Letter S

The Definition of Stance

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Stance

How the shooter positions her body while shooting. The three most widely used handgun stances are Weaver, Isosceles and Chapman stance.


19 Other Firearms Definitions You Need To Know


Lockplate

A metal plate on which the firing mechanism is mounted on percussion and earlier firearms.

Locking Lugs

A series of projections on the bolt of a firearm designed to fit into corresponding slots in the receiver to lock the action in closed position for firing.

Ejection Rod

The sliding metal dowel located at the muzzle end of a revolver cylinder. After firing, the shooter opens the cylinder and depresses the front end of the ejection rod, which forces the empty cases out of the cylinder.

Recoil Crossbolt

A steel bolt, mounted transversely through a rifle stock just under and behind the front (and sometimes rear) receiver ring, sometimes concealed in the wood and usually against which the action is carefully bedded. When properly fitted, it helps distribute the recoil and reinforces stock at the point where wood has been removed to accept the action. Recoil crossbolts can be recognized by the flush-mounted circular steel fittings on the side of the stock, but are sometimes finished with contrasting wooden plugs and sometimes concealed completely. Also called Reinforcing Crossbolt.

Mag

Slang word for Magazine.

Mauser Safety

A small lever mounted to the cocking piece of a Mauser 98 action (and its copies such as the Springfield 1903), rotating on a longitudinal axis from left (Fire), up to the top (Safe, but allowing bolt movement), and over to the right (Bolt and firing pin locked Safe). While commendable for locking the firing pin instead of just the trigger, its up-and-over arc of operation requires a scope to be mounted awkwardly high. Paul Mauser is not to be blamed; when his safety was developed, telescopic sights were in such infancy as not to be worthy of mainstream consideration.

Adjustable Stock

The stock is the wooden, polymer, or metal handle of a long gun that extends from the trigger back to where the gun is braced against the shoulder. An adjustable stock is one that can be easily lengthened or shortened to fit shooters of different sizes.

Open Sights

A common type of iron sights in which the rear sight is an open-topped U or a V or a square-notch shape and with a blade type front sight, in contrast to the closed circle commonly found in aperture sights.

Handspanner

German for Hand-Cocking or Cocker/De-Cocker. A type of action on a break-open gun or rifle where, in place of a traditional top tang safety, a somewhat more robust tab is fitted. Normally such a gun is carried in the field loaded, but with the action not cocked, an exceedingly safe condition. Then, when ready to fire, the shooter, instead of pushing a safety tab forward, pushes this larger tab forward, cocking the mainspring, making the gun ready to fire. Then, if the shot is not taken, he may simply slide this tab rearwards again, de-cocking the gun and returning it to the still-loaded, but very safe position.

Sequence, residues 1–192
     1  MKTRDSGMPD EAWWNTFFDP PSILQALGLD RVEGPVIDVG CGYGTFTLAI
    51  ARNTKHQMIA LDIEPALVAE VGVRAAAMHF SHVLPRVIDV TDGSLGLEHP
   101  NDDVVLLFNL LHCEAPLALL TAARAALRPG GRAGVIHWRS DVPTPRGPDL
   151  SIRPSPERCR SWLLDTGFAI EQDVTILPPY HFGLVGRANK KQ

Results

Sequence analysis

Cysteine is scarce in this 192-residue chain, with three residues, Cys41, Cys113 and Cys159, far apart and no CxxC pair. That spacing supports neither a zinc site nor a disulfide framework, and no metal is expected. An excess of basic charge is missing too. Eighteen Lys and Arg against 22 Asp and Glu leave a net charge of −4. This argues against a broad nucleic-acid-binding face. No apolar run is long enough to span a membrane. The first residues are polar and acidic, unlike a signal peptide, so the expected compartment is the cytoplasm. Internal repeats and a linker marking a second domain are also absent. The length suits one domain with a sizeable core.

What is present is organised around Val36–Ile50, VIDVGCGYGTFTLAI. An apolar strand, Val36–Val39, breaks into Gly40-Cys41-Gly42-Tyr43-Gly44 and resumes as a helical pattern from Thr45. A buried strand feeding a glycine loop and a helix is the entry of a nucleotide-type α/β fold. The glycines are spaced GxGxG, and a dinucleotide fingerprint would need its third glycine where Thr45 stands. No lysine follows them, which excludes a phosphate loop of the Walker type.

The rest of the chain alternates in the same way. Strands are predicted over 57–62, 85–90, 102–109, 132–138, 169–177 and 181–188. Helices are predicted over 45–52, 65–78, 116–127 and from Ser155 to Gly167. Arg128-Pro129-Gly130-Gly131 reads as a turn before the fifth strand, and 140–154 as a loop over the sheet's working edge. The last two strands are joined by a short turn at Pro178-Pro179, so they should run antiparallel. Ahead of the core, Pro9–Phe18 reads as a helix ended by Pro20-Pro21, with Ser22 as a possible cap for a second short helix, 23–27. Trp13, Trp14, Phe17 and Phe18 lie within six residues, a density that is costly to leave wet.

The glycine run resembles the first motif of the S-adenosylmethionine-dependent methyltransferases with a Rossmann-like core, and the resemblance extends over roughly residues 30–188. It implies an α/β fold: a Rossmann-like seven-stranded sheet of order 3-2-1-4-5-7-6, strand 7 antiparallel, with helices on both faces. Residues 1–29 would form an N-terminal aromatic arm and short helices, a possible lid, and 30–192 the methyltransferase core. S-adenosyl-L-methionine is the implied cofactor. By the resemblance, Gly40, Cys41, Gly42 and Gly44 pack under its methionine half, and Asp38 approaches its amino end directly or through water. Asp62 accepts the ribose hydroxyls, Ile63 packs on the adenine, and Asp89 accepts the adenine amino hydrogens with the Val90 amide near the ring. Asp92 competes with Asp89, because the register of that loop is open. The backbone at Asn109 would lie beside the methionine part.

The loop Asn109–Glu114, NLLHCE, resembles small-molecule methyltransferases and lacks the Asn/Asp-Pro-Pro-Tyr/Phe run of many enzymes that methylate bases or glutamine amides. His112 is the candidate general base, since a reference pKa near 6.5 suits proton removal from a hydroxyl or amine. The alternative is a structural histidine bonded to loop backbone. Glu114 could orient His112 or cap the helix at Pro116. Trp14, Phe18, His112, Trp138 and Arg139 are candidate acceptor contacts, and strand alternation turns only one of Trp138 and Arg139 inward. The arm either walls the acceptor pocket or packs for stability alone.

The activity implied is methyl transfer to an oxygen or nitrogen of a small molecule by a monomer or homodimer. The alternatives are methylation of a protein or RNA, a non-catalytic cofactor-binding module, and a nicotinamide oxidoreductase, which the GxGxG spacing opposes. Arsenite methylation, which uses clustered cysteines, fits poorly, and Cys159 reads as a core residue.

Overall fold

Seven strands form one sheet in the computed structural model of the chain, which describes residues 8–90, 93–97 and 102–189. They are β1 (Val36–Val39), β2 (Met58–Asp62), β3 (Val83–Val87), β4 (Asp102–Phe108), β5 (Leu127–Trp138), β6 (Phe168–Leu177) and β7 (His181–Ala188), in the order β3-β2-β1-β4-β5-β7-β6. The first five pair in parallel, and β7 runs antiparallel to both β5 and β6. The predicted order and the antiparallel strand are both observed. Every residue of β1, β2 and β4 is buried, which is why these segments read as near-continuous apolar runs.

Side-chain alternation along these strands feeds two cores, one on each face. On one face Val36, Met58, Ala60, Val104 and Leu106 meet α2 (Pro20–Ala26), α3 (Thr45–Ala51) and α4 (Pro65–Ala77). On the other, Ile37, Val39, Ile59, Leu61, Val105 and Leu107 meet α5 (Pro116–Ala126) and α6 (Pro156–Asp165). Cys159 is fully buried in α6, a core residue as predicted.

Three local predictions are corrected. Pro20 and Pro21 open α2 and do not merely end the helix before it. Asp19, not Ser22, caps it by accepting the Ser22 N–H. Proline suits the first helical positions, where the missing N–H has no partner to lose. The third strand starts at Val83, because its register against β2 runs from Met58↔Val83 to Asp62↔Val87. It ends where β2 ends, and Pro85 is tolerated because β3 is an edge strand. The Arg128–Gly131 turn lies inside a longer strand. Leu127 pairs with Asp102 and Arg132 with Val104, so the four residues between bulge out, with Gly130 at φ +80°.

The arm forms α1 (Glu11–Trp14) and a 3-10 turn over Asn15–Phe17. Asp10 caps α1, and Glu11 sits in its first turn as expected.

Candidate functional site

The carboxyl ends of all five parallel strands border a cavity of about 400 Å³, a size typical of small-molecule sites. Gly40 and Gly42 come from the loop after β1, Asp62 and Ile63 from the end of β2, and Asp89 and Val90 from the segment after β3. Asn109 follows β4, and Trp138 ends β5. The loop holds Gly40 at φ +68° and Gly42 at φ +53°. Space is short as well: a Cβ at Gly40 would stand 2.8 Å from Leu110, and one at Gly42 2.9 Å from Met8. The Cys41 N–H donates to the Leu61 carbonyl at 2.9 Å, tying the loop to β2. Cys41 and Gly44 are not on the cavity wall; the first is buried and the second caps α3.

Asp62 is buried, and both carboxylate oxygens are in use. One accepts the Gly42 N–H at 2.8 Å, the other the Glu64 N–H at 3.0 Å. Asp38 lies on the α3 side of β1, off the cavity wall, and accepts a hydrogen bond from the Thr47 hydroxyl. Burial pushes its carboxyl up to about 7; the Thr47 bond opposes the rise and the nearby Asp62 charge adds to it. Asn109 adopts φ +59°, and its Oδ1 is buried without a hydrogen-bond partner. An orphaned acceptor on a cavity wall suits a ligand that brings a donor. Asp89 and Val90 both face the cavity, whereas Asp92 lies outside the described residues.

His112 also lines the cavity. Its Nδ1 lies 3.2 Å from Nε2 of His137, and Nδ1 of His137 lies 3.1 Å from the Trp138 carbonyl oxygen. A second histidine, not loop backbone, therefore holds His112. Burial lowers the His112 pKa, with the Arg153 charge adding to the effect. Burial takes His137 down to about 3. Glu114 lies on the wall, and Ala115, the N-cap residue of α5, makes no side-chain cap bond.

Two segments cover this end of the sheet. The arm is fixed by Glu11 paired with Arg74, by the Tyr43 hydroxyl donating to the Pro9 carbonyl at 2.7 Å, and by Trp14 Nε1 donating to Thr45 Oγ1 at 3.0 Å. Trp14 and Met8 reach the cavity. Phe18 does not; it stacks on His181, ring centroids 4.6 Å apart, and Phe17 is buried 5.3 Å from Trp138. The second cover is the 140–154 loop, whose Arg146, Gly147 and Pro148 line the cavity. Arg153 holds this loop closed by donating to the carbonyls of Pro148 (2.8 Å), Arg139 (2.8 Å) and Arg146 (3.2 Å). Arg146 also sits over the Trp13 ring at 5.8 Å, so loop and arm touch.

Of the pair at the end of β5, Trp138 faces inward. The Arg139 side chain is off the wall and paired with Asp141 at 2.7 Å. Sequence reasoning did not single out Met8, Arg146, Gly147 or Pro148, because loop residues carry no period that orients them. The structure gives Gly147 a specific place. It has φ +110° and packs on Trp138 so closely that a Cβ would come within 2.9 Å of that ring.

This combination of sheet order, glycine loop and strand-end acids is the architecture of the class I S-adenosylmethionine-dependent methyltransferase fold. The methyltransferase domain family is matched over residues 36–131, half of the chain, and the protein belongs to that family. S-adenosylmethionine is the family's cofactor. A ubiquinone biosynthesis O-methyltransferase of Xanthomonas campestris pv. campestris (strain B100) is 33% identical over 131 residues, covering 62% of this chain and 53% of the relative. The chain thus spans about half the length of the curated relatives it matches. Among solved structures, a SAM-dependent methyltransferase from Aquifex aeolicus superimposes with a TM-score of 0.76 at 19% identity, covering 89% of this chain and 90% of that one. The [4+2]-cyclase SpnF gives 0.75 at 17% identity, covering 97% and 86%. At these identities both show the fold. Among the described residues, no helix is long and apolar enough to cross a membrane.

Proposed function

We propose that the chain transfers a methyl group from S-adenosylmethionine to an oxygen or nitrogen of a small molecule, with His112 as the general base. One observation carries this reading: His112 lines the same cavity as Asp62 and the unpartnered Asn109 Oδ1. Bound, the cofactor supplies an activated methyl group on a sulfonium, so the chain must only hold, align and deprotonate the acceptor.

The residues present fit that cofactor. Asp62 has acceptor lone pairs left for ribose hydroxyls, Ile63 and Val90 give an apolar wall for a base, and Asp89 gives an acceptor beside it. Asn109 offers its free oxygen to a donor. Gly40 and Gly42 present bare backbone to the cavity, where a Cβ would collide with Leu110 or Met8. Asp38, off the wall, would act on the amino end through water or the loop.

Twilight Sight

A rifle front sight with a extra-large, folding bead. Typically, in addition to the normal fine bead (which allows for more precision) the larger bead, while at a cost of potential accuracy, is more readily acquired in marginal light. Also called a Gloaming sight

Misfeed

Is a failure of the next round to completely enter the chamber. Misfeeds and failures to feed are very similar, a failure to feed is a round that never even leaves the top of the magazine, while a misfeed is a round that leaves the magazine but does not enter the chamber.

Cartouche

A mark within a border, typically stamped into the wood, especially of an American military rifle. It shows the initials of the name of the accepting inspector and often, the date he accepted the firearm into service.

Failure To Feed

A semi-automatic firearm malfunction in which the slide passes entirely over the fresh round, failing to pick it up to insert into the chamber as the slide returns to battery.

Shooting Range

A specialized facility designed for firearms practice.

Energy

The amount of work done by a bullet, expressed in foot pounds.

Dram

A unit of measure traditionally used for black powder shotgun charges. Today, used for smokeless powders on the basis of the new propellant's equivalent performance to that weight of black powder. Thus, a shotgun shell marked 3 - 1 1/8 would be loaded with the smokeless powder equivalent of 3 drams of black powder, and with 1 ounce of shot. 1 Dram = 1/16 ounce = 437.5 grains.

Improved Cartridge

A wildcat cartridge that is created by straightening out the sides of an existing case and making a sharper shoulder to maximize powder space. Frequently the neck length and shoulder position are altered as well. The caliber is NOT changed in the process.

Trigger Safety

An external, passive safety which can be found on the face of some trigger designs (most notably found on Glock firearms). It is intended to prevent the trigger from being pulled by objects which find their way into the trigger guard area.

Belt Fed

A firearm, usually (but not always) a fully automatic rifle, that uses a ammunition on a belt rather than a magazine to store the rounds that will be loaded into the gun.